The Center for Volunteer Caregiving

Activate Good is encouraging the public to volunteer at area nonprofits such as the Cary-based Center for Volunteer Caregiving.

In 2012, Richard Bell suffered his second heart attack and damage to the part of his brain that creates new memory.

He was depressed and lonely, and his worried daughter, Amy, was solely responsible for his care — until she called The Center for Volunteer Caregiving.

The nonprofit, formed in 1992 as an outreach of local churches, now serves as a link between formal and informal service providers to help Wake County seniors and adults with disabilities maintain at-home independence.

That’s thanks to trained volunteers in three core programs: Transportation, Caregiver Support and In-Home Connections.

“The center took time to make sure Dad’s volunteer, Ken Hickson, was a good fit. He’s kind, competent and caring,” Bell said. “He takes Dad out once a week, to the movies or the train station, as my father loves trains.

“Ken provides Dad with male camaraderie and a chance to leave the house, which keeps his dignity intact and makes him much less irritated. I’ve reconnected with friends and have a support system that helps maintain my mental health, which makes me a better caregiver. I feel a lot less stressed.”

“The joy you get, and give, is priceless,” says volunteer Renee Hammel of Cary, right. She takes Miriam Delgado, who is legally blind, to the grocery store, doctor appointments and to visits with friends.

“Socialization is linked to physical and mental health benefits for the care receiver and for the volunteer,” said center Executive Director Lynn Templeton. “We aren’t case managers, but we get involved and connect resources.”

Renee Hammel of Cary has served as a center volunteer since 2009, helping 20 care receivers including Miriam Delgado, who is legally blind.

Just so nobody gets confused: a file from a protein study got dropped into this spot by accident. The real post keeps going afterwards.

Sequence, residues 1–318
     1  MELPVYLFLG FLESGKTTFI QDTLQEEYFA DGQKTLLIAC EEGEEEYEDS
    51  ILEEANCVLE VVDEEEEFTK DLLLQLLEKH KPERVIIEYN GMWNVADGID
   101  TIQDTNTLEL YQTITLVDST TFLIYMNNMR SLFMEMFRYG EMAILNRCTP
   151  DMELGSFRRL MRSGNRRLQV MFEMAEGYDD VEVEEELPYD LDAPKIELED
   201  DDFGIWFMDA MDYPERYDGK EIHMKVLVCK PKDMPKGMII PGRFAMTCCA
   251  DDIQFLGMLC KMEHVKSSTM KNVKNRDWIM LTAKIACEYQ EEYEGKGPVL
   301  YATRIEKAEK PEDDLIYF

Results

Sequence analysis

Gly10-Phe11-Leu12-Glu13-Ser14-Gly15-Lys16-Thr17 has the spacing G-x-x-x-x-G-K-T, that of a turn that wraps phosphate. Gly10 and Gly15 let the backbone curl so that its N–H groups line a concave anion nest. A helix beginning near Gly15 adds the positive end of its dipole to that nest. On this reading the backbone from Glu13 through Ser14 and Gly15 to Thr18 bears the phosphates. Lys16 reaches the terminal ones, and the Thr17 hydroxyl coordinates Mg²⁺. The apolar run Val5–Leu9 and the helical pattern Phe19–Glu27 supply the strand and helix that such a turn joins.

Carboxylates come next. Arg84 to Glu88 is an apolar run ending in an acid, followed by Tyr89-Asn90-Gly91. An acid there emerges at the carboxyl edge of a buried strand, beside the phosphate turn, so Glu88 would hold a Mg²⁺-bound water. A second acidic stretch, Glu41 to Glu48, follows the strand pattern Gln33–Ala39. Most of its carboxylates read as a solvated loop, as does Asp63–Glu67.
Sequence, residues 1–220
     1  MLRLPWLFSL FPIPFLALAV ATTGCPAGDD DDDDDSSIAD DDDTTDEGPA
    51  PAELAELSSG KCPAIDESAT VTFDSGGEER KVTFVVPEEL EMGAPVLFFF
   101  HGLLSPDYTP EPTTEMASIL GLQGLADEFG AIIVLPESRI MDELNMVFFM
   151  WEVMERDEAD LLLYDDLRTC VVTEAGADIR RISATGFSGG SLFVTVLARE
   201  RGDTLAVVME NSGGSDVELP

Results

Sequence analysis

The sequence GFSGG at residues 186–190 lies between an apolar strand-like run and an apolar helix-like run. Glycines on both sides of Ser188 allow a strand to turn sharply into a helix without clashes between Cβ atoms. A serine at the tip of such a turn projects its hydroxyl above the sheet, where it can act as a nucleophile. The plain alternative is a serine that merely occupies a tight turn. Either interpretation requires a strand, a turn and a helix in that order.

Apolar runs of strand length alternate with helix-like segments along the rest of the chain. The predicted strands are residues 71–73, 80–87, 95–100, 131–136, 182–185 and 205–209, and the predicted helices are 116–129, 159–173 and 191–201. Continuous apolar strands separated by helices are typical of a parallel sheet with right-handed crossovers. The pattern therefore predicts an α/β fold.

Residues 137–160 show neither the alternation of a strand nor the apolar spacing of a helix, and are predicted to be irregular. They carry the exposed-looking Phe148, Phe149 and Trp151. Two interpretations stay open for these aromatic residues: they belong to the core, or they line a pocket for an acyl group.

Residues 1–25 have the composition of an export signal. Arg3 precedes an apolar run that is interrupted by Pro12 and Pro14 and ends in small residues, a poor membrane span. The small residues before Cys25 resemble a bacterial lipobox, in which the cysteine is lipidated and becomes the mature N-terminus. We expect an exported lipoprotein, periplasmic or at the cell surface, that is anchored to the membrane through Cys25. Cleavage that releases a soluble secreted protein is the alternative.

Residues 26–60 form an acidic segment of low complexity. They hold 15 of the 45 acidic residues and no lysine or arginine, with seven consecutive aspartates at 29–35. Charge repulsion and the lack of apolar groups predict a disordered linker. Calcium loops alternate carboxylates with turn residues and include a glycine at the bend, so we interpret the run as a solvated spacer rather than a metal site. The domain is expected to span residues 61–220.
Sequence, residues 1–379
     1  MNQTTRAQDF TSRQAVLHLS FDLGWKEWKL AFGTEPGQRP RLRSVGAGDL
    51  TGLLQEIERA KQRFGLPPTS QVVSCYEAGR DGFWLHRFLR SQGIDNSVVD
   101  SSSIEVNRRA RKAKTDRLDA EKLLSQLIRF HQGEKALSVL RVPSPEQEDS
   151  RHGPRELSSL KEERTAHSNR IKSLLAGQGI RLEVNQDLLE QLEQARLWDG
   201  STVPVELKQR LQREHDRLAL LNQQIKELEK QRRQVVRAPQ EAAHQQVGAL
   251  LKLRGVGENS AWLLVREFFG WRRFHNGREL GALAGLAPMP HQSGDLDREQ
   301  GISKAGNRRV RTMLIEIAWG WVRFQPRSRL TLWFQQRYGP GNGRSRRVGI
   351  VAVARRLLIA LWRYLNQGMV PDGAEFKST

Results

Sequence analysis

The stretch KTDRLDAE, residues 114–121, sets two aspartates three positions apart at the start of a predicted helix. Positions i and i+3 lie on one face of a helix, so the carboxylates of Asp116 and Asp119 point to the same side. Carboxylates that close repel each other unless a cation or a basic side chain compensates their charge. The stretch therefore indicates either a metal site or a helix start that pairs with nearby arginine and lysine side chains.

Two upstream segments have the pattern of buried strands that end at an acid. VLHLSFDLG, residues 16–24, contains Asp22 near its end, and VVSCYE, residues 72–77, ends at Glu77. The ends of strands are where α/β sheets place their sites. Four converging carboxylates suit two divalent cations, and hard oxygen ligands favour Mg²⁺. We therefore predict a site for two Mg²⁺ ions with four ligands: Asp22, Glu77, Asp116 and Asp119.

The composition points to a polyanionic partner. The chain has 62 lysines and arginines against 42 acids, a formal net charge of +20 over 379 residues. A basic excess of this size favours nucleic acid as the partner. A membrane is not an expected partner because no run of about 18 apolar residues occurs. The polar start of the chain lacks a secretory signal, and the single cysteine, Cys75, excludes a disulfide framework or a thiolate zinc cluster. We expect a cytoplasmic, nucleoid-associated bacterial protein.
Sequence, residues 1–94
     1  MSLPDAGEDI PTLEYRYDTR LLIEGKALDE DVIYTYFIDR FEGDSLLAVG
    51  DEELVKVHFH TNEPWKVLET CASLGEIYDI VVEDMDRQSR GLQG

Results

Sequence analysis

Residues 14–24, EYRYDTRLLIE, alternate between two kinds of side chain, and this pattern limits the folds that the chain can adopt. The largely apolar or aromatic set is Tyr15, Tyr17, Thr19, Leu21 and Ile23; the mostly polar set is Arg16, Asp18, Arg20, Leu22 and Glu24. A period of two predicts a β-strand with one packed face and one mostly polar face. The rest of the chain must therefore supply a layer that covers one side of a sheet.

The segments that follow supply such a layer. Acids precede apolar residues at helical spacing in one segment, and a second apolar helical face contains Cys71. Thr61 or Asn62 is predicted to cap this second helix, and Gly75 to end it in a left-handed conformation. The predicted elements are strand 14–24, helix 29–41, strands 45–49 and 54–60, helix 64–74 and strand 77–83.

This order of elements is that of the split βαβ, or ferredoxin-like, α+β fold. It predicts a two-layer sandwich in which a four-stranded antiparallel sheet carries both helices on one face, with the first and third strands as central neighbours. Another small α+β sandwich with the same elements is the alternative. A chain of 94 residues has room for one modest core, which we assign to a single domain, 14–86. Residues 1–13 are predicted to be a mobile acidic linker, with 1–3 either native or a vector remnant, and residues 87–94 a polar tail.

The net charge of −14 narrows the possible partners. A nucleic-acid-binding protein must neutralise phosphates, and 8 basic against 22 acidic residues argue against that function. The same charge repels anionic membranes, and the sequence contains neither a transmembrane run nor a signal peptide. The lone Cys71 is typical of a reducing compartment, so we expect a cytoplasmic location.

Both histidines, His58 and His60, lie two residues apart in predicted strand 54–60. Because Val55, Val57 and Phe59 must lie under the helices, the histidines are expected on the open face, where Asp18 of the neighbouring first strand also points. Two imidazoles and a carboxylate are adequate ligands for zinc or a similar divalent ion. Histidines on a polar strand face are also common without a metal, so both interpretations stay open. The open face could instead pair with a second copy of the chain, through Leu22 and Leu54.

“This allows the elderly to enjoy life in their own environment rather than going to a facility,” Hammel said. “I take Miriam to the grocery store, doctor appointments and bank. We enjoy dining together for lunch, and I take her to visit a friend who’s in a rehabilitation center. The two of them sing and exchange stories. Most recently, I helped Miriam connect with the Cary Lions Club. She was very appreciative.

“The joy you get, and give, as a volunteer is priceless.”

Center services are prioritized to people age 60 or older, or ages 18 to 60 with chronic health issues or disabilities, based on financial and social need, lack of other resources, and risk of institutional placement.

The center performs national background checks on volunteers and requires orientation, held online or in group session.

“The needs are growing,” said transportation coordinator Julie Keely; volunteers drove 36,000 miles last year, 50 percent more than the year before. Keely notes a particular need for volunteers in outlying areas lacking public transportation.

For families like the Bells, coordinator Lou Paules says the Caregiver Support program offers respite for primary caregivers.

“We also offer training and workshops across the county on caring for those with dementia,” Paules said. “Our aim is to educate caregivers and volunteers on appropriate activities that tap into the remaining strengths of the care receiver.”  

In-Home Connections matches volunteers with homebound adults for calls, visits, light housekeeping or yard work.

“Social isolation is a huge issue,” said Susan Meador, program manager. “We match these volunteers carefully, based on shared interests, so relationships can develop in friendly visits a couple of times a month. Or volunteers can make ‘reassurance calls’ by phone for a few minutes each day.”

Award-Winning Center
It’s been a banner year for the center, as it earned the 2013 GSK IMPACT Award from GlaxoSmithKline, recognizing outstanding contributions to the health of the local community, and the Beverly Foundation’s STAR Award for contributions to volunteer senior transportation.

The funding that comes with the awards “bumps us out of being a little grassroots organization, to having more of an impact,” Templeton said. The center is also eligible for United Way partner status come January.

Support also comes from state and federal grants, the Town of Cary, faith community, corporate and individual contributors, and events like the Red Carpet Rendezvous, held each February.

“We are making a difference in people’s lives,” Keely said. “There’s tremendous need, and such appreciation when that need is filled.”

“There are also able-bodied, big-hearted people in our community,” added Paules, “and we’re the connector.”

The Center for Volunteer Caregiving
(919) 460-0567

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